One of my biggest money spending problems is frequent visits to the supermarket. I find that I will run out to get more perishable items and wind up spending money on incidentals. This usually happens when we have an extra person for dinner. I need to run to get more hamburger rolls for instance. Any suggestions on how to not spend on those mini-trips to the market?
Only take enough cash to buy what you need. Leave your debit card, credit card and checkbook at home. If it's that great of a deal, you can come back another time before the sale is over. Or send someone else who does not cave in as easily. I've sent my teenage son in before to get only milk and bread for the same reason.
When I only need a few items, I pick up a small, hand-carried basket. Because I am pushing a baby in a stroller and have a basket, I only get what I need. I hate to get extras! They ruin the budget and are heavy on my arm.
The one thing that we do that has helped tremendously on cutting down on trips is making a dinner menu for a week or two. By doing this, I make sure that what is necessary is on hand. The kids like it because they know what to expect for dinner, and will often pitch in to help prepare the side dishes. This cut down on roughly 80% of our "mini-trips" and brought around some changes in diet and spending habits.
To avoid buying more than you plan, try keeping a jar in the kitchen cupboard or an envelope in a drawer designated for such emergencies. Put a small amount of cash in $1 bills, perhaps $20 or so, in the jar or envelope every month.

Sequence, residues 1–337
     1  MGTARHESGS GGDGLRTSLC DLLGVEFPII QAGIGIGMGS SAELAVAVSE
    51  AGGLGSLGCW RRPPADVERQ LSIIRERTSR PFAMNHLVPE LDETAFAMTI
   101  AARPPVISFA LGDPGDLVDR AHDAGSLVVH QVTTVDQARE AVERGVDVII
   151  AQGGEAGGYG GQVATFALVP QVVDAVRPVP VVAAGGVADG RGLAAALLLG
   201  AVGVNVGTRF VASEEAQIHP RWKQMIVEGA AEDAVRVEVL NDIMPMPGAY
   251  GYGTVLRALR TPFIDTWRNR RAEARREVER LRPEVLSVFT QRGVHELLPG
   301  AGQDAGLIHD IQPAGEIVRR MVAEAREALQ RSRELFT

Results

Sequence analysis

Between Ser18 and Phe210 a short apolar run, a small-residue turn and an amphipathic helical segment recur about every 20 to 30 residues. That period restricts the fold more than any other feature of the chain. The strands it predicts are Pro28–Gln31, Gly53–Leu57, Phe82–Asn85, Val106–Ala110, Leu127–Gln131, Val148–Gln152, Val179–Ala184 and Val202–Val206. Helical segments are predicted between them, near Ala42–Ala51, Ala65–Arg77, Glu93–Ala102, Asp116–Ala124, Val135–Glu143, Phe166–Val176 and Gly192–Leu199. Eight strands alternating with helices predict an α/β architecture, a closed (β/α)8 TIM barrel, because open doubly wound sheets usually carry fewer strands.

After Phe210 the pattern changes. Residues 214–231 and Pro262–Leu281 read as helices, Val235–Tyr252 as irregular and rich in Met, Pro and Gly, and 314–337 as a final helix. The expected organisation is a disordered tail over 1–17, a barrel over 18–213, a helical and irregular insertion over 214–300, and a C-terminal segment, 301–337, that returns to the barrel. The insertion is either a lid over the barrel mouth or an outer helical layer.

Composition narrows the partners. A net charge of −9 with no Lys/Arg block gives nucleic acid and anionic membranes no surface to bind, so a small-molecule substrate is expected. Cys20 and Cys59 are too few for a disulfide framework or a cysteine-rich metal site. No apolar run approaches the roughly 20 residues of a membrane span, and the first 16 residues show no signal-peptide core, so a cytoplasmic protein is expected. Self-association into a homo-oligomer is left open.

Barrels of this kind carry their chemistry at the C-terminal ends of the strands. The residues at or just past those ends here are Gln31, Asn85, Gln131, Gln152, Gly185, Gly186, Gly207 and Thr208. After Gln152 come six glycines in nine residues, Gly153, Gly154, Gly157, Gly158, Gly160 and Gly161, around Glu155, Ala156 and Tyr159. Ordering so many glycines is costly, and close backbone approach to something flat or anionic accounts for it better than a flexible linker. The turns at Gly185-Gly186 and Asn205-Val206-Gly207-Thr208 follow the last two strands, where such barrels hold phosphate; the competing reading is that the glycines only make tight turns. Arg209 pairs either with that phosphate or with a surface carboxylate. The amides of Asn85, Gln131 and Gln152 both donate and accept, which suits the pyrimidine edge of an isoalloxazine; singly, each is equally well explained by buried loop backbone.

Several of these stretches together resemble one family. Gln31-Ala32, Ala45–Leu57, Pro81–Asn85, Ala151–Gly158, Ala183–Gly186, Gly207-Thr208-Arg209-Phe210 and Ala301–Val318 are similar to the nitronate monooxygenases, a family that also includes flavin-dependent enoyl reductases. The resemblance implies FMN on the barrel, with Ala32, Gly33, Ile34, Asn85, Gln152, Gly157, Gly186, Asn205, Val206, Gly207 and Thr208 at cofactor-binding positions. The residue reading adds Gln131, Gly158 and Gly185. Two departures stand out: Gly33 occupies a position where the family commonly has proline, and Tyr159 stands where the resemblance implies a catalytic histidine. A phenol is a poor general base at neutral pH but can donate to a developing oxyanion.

When you run out of bread, milk, etc., take out only the number of dollars required to purchase the item, plus perhaps one extra dollar just in case you miscalculated a bit or the price went up. Leave your checkbook, debit card and all other money at home, taking with you only the necessary cash for the item you need. When you get home, return that extra dollar to the envelope or jar if you didn't need it. Any change can go into your change jar. Everyone has one of those, don't they?
Or instead of just $20, put in the approximate amount you would normally spend in a month on last-minute shopping trips, including all those impulse items. Follow the above plan, and when you hold in your hands the thick stack of dollar bills left over at the end of the month, you'll see in a very tangible way just how much you've saved. As a reward, you might take a certain percentage, say 25%, of what you didn't spend and treat yourself to something nice and put the rest into savings.
Of course, the best solution is to be prepared in advance so those last-minute trips don't happen as often. Bread freezes well, as does butter and even milk. Keep the home pantry stocked and you'll find yourself having to run out "for just one thing" less and less.
Don't get a shopping cart. Holding a few things and holding on to two children's hands (if you have some) will get me out of the store pretty quick!
You might try making a list (even if it's only one thing) of what you have to buy. Then, at the supermarket, instead of buying additional things, write them down on another list that you take home with you.
When you get home, cross off those items on the new list that you really don't need, and use the rest to start the new list for the next trip to the store.
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